Understanding your rights and obligations as a common law tenant is essential for a peaceful and stress-free tenancy. By knowing what you are entitled to and what is expected of you, you can ensure a positive and mutually beneficial relationship with your landlord.

Differences Between Common Law Tenancies and Assured Shorthold Tenancies

Common law tenancies in England differ significantly from assured shorthold tenancies (ASTs). While ASTs are covered by the Housing Acts, common law tenancies are not, resulting in distinct rights and obligations for tenants and landlords. Let’s explore the key differences between these two types of tenancies.

Tenure and Statutory Protection

One of the significant distinctions between common law tenancies and ASTs is the security of tenure and statutory protection provided to tenants. AST tenants have greater security of tenure and enjoy statutory continuation rights, meaning they have a guaranteed right to stay in the property for a specific period. On the other hand, common law tenancies offer tenants less security and do not provide the same level of statutory protection.

While common law tenants benefit from certain statutory protection, such as the right not to be evicted without a court order and protection under the Unfair Terms in Consumer Contracts Regulations 1999, they may not enjoy the same advantages as AST tenants. For example, common law tenants may not benefit from deposit protection schemes that apply to AST tenants.

Eviction Process and Notice Periods

The eviction process for common law tenancies differs from ASTs. The rules for serving notices and obtaining possession orders are not the same for both types of tenancies. Common law tenancies may require a longer notice period for eviction compared to ASTs, and the procedures involved may also differ.

Legal Coverage and Framework

ASTs benefit from the legal coverage and framework provided by the Housing Acts, ensuring that both tenants and landlords have specific rights and obligations. These acts provide clear guidelines on matters such as rent increases, eviction procedures, and other tenant rights and responsibilities.

On the other hand, common law tenancies operate outside the scope of the Housing Acts, placing greater emphasis on the agreement between the tenant and landlord rather than predefined legal requirements. While common law tenancies still have some legal rights and obligations, they are primarily determined by the agreement between the parties.

Assured Shorthold Tenancy

Common Law Tenancies for High-Rent Properties and Corporate Lettings

Common law tenancies aren’t limited to standard residential properties. They can also be applied to high-rent properties with rental rates that exceed £100,000 per year. In these cases, the rights and obligations of both landlords and tenants are governed by common law tenancy principles and are subject to specific agreements tailored to the unique circumstances of high-rent tenancies.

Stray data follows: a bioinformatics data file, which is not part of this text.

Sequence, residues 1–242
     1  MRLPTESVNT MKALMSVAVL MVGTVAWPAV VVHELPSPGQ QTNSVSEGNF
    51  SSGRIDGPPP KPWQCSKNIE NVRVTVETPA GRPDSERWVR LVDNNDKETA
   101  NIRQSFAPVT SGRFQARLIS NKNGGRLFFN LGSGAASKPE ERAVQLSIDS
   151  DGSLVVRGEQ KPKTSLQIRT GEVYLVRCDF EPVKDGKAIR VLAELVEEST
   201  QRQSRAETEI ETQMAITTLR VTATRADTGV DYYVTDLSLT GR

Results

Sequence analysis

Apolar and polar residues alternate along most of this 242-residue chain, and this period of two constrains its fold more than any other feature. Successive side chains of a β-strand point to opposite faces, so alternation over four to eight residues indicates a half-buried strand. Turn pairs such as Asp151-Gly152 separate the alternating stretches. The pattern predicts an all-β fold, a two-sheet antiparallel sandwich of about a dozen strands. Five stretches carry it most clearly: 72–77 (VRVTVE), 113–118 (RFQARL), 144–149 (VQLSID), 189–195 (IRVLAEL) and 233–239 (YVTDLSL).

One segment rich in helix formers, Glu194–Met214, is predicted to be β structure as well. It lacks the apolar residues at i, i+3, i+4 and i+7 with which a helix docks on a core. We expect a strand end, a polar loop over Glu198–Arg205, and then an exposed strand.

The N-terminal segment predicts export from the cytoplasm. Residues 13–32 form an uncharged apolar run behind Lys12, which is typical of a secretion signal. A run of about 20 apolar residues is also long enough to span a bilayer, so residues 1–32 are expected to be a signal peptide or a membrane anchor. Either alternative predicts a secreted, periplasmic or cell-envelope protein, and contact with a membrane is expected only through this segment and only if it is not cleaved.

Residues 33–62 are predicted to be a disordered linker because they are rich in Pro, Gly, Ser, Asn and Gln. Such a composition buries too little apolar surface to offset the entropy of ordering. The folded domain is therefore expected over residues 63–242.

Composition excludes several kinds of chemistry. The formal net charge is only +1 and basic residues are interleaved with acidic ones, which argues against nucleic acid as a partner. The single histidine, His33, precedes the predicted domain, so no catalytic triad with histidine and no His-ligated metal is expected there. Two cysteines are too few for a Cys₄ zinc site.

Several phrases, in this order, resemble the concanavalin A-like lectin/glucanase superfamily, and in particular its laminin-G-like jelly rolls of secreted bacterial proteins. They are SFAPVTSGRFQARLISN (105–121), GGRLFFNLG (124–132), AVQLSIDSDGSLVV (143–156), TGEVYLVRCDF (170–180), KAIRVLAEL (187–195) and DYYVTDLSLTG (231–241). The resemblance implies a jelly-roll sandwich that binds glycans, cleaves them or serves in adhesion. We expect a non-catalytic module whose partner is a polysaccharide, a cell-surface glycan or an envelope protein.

common law tenancy plc

Joint tenancies where the combined rent of all sharers exceeds the £100,000 threshold also fall under the scope of common law tenancies. This means that if multiple tenants are leasing a property together and their combined rent exceeds £100,000 annually, they will be subject to common law tenancy principles and regulations.

In addition to high-rent properties, common law tenancies are frequently utilized for corporate lettings. Corporate lettings occur when a company rents a property for the purpose of providing residential accommodation to their employees. In these arrangements, the company assumes liability for the rent and other associated costs.

The landlord-tenant relationship in corporate lettings is governed by common law tenancy principles, including the obligations and rights of both parties. However, due to the corporate nature of these arrangements, there may be additional clauses and terms included in the tenancy agreement that are specific to the corporate lease.

It’s important for both landlords and tenants involved in high-rent properties and corporate lettings to be aware of their respective rights and obligations under common law tenancies. Clear and comprehensive tenancy agreements should be put in place to ensure a smooth and mutually beneficial landlord-tenant relationship.

How to End a Common Law Tenancy?

Ending a common law tenancy can be done through various means, either by mutual agreement between the tenant and the landlord or through the expiration of the fixed term. However, it is crucial to follow the proper procedures and legal requirements to ensure a smooth transition. Below are some essential steps to consider when ending a common law tenancy:

  1. Giving Proper Notice: The tenant should provide the landlord with a written notice, clearly stating their intention to end the tenancy. The notice period should be in accordance with the terms of the tenancy agreement or, if no specific period is mentioned, it should be reasonable and agreed upon by both parties. This allows the landlord to make necessary arrangements for finding a new tenant.
  2. Reaching a Mutual Agreement: In some cases, both the tenant and the landlord may agree to end the tenancy before the fixed term expires. This can be done through open communication and negotiation. It is advisable to have any agreements regarding the early termination of the tenancy in writing to avoid any potential misunderstandings in the future.
  3. Addressing Issues: If there are any breaches of the tenancy agreement or disputes during the tenancy, it is essential to address them before proceeding with the termination process. The landlord may have the right to terminate the tenancy if there are significant breaches, but it is advisable to seek legal advice to ensure compliance with the law.